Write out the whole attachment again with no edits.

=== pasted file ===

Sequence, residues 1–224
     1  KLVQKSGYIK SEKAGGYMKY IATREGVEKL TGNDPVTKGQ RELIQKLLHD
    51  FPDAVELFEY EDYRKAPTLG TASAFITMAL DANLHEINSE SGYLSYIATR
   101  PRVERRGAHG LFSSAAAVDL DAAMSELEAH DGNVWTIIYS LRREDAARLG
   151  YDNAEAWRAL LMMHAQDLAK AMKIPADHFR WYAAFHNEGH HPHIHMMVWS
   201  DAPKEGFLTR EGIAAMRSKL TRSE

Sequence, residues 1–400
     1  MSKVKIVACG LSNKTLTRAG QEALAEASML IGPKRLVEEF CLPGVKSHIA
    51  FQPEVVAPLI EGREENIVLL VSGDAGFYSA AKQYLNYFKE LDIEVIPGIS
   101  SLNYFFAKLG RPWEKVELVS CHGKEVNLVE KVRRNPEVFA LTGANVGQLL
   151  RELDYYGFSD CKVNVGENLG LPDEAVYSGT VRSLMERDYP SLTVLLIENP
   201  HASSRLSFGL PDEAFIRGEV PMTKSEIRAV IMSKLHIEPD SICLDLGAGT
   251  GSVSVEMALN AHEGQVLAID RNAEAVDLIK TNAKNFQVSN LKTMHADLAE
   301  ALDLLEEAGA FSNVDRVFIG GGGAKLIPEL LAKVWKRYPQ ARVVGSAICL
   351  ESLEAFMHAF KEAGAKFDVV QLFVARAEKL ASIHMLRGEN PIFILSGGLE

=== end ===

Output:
Sequence, residues 1–224
     1  KLVQKSGYIK SEKAGGYMKY IATREGVEKL TGNDPVTKGQ RELIQKLLHD
    51  FPDAVELFEY EDYRKAPTLG TASAFITMAL DANLHEINSE SGYLSYIATR
   101  PRVERRGAHG LFSSAAAVDL DAAMSELEAH DGNVWTIIYS LRREDAARLG
   151  YDNAEAWRAL LMMHAQDLAK AMKIPADHFR WYAAFHNEGH HPHIHMMVWS
   201  DAPKEGFLTR EGIAAMRSKL TRSE

Sequence, residues 1–400
     1  MSKVKIVACG LSNKTLTRAG QEALAEASML IGPKRLVEEF CLPGVKSHIA
    51  FQPEVVAPLI EGREENIVLL VSGDAGFYSA AKQYLNYFKE LDIEVIPGIS
   101  SLNYFFAKLG RPWEKVELVS CHGKEVNLVE KVRRNPEVFA LTGANVGQLL
   151  RELDYYGFSD CKVNVGENLG LPDEAVYSGT VRSLMERDYP SLTVLLIENP
   201  HASSRLSFGL PDEAFIRGEV PMTKSEIRAV IMSKLHIEPD SICLDLGAGT
   251  GSVSVEMALN AHEGQVLAID RNAEAVDLIK TNAKNFQVSN LKTMHADLAE
   301  ALDLLEEAGA FSNVDRVFIG GGGAKLIPEL LAKVWKRYPQ ARVVGSAICL
   351  ESLEAFMHAF KEAGAKFDVV QLFVARAEKL ASIHMLRGEN PIFILSGGLE